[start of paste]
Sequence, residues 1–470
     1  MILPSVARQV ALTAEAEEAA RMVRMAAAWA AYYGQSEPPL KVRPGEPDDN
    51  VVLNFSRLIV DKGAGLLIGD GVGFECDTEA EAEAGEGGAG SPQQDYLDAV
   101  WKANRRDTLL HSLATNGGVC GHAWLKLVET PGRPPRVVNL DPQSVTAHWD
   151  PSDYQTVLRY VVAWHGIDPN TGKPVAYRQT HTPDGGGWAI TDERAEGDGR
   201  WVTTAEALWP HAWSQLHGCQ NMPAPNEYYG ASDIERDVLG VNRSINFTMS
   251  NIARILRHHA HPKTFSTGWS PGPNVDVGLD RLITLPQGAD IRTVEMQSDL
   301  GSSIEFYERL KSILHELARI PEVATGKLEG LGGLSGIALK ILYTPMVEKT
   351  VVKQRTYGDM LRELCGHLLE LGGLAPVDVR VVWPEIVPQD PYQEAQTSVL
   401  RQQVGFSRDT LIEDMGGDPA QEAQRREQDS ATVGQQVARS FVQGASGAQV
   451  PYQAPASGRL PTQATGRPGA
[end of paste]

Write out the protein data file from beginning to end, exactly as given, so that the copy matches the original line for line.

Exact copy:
Sequence, residues 1–470
     1  MILPSVARQV ALTAEAEEAA RMVRMAAAWA AYYGQSEPPL KVRPGEPDDN
    51  VVLNFSRLIV DKGAGLLIGD GVGFECDTEA EAEAGEGGAG SPQQDYLDAV
   101  WKANRRDTLL HSLATNGGVC GHAWLKLVET PGRPPRVVNL DPQSVTAHWD
   151  PSDYQTVLRY VVAWHGIDPN TGKPVAYRQT HTPDGGGWAI TDERAEGDGR
   201  WVTTAEALWP HAWSQLHGCQ NMPAPNEYYG ASDIERDVLG VNRSINFTMS
   251  NIARILRHHA HPKTFSTGWS PGPNVDVGLD RLITLPQGAD IRTVEMQSDL
   301  GSSIEFYERL KSILHELARI PEVATGKLEG LGGLSGIALK ILYTPMVEKT
   351  VVKQRTYGDM LRELCGHLLE LGGLAPVDVR VVWPEIVPQD PYQEAQTSVL
   401  RQQVGFSRDT LIEDMGGDPA QEAQRREQDS ATVGQQVARS FVQGASGAQV
   451  PYQAPASGRL PTQATGRPGA